UK motor industry calls for a government ‘restart package’


by Ray Massey, Daily Mail Motoring Editor 

Car bosses at the SMMT’s annual Summit – for the first time held ‘virually – set out a range of key challenges and opportunities facing the industry which will affect the face of motoring in the future: 


The coronavirus pandemic has accelerated the move towards electrification of cars by forcing manufacturers to prioritise, say bosses.

But Government must be realistic about the pace of change and be more flexible about the ‘bridging technologies’ – such as plug in hybrids- that will help everyone reach the ultimate goal of zero-emissions, they added.

Bentley chairman and chief executve Adrian Hallmark said his firm is already ‘fully committed to electrification’ and is ‘full speed ahead’ with plug in hybrids first with fully electrified cars to follow.

Elecrification had ‘accelerated’ as decisions on petrol and diesel models had been scaled back, he said:‘If you have to prioritise, where do you place your bets? More horse power or more battery cells? We’ve gone for the latter.’

There were shorter term challenges in making larger cars fully electric – mainly because of power and range. But these will be overcome, he said: ‘We are fully committed to electrrification. We see the next 10 years being radically different to the last 100 years.’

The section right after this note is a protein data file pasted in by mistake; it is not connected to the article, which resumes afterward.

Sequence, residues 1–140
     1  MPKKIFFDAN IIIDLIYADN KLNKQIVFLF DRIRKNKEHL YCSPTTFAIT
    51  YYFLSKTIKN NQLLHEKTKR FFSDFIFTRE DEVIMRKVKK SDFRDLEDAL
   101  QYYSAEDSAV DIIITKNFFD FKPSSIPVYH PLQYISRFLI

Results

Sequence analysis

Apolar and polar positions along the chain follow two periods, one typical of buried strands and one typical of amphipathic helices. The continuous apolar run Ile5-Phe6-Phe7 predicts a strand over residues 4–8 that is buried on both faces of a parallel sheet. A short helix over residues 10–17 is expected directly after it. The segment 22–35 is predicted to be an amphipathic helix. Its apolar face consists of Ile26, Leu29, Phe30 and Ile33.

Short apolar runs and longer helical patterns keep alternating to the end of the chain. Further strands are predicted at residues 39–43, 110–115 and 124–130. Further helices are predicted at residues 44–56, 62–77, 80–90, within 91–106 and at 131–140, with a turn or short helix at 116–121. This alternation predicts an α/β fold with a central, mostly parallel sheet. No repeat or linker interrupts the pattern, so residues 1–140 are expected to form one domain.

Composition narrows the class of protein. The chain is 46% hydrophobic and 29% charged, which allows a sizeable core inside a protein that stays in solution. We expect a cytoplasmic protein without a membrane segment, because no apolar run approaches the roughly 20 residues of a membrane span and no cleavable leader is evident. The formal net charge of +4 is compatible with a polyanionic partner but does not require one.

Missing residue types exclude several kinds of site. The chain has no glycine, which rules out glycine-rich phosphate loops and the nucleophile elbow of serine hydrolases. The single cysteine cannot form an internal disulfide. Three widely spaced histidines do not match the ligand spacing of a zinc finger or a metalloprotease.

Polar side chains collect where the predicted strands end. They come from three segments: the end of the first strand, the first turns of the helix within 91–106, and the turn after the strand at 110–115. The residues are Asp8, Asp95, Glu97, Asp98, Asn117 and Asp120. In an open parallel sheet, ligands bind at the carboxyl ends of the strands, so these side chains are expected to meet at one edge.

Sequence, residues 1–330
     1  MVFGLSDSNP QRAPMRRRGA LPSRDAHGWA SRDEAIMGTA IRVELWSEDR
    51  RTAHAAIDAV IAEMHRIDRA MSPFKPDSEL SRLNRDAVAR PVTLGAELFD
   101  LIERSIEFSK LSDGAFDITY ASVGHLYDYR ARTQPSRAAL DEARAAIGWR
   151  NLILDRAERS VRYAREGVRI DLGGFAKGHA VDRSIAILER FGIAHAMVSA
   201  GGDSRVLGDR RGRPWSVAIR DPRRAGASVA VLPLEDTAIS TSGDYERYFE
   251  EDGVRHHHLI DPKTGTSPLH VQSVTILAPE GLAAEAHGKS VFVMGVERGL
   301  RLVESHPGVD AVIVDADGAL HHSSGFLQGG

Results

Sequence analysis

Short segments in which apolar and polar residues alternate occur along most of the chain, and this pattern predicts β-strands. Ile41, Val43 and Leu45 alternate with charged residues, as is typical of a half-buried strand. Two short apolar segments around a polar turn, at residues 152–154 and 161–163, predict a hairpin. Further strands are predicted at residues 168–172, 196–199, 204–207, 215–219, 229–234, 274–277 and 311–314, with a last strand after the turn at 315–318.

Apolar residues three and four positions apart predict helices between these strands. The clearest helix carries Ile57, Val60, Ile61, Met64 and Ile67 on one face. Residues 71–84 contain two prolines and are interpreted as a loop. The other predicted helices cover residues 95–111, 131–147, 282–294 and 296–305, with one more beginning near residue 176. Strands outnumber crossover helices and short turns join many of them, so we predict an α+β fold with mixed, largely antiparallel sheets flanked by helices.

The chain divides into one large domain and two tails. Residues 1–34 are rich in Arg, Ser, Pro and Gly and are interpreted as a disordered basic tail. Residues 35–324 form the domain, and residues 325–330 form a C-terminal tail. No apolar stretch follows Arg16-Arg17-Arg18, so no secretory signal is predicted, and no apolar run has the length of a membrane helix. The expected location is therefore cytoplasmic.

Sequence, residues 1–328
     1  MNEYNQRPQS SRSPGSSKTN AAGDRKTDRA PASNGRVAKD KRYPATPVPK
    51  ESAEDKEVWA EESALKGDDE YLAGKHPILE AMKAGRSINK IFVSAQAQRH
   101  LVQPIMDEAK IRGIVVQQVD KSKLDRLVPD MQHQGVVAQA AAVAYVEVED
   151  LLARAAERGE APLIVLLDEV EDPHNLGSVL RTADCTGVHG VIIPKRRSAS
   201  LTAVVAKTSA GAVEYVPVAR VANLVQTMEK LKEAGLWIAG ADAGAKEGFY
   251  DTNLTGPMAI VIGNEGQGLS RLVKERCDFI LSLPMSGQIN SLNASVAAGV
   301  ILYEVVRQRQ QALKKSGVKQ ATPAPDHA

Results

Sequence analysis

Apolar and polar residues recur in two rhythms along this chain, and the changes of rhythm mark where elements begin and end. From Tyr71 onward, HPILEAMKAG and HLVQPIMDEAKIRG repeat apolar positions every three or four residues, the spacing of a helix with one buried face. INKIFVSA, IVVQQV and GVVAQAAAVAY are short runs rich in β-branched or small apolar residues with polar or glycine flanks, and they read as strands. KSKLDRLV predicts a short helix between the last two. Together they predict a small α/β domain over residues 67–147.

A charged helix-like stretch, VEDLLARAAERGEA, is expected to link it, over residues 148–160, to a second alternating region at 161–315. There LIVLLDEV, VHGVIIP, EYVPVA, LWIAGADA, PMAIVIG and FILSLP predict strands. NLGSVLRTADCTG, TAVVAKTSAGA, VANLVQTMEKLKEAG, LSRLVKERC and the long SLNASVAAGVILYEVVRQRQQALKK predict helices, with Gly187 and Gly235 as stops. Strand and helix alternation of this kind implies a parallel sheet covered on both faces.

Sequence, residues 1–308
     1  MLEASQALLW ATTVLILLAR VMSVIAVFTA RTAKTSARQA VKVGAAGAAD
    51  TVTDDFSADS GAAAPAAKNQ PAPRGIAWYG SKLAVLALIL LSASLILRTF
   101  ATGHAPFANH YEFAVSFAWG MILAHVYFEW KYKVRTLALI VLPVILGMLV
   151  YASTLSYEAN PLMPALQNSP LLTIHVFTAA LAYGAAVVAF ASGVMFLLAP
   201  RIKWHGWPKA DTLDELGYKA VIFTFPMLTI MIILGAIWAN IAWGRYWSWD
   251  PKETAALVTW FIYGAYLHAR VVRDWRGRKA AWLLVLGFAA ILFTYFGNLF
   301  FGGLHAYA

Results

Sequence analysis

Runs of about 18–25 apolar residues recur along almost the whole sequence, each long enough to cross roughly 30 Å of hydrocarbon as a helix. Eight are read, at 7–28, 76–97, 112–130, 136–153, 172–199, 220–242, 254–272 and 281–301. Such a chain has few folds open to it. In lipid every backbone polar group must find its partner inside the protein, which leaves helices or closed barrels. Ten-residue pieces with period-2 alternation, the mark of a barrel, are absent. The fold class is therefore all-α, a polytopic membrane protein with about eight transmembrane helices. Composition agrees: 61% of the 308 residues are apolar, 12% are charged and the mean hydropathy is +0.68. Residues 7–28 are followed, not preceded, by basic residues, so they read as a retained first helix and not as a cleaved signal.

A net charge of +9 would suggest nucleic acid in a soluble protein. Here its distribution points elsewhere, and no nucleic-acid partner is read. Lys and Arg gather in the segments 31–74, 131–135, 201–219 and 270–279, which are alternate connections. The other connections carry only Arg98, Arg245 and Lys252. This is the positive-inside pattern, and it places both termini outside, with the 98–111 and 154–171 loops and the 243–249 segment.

The government says it intends to end the sale of new petrol and diesel cars by 2035, though has said that date may be brought forward.

But Ford of Britain chairman Dr Graham Hoare, who is also exective director for business transformation, also gave a word of warning to ministers noting: ‘Given the size and scale of what we want to achieve in the UK, we will not see a shift from the internal combustion engine to all-electric vehicles in a single jump.

‘Customer confidence is not ready for leap yet, and the cost gap between petrol or diesel and all-electric vehicles is still significant. This is why a range of bridging technologies from mild hybrids through to plug-in hybrids are essential, and why plug-in hybrids also should be considered as a viable technology well into the 2030s.’

He said:’The next 15 years will be unparalleled in terms of the transformation of our industry. And the next five years will define the next fifteen.’ Ford alone was investing $11.5billion in 3 and a half years into electrrification, he said.

He believed there will be ‘different roads’ towards zero-emissions, including electric and hydrogen power which he said will be ‘one to watch’.

He noted: Some mixed technology will be necessary, even as we approach 2025.’ But he also predicted:’Diesel engines will be there for a decade.’

Mr Hoare noted:’We should be under no illusion that reaching this goal will require an unparalleled level of commitment and cooperation by a range of different stakeholders – government departments, local authorities, the auto industry, energy providers, and customers.

‘We need government to partner with us and have joint equity in formulating and delivering a comprehensive and consistent strategy that encompasses all stakeholders and that provides a path to the future – a path that also encompasses a range of technologies, including mild hybrids, hybrids and plug-in hybrids on the route to zero emissions.’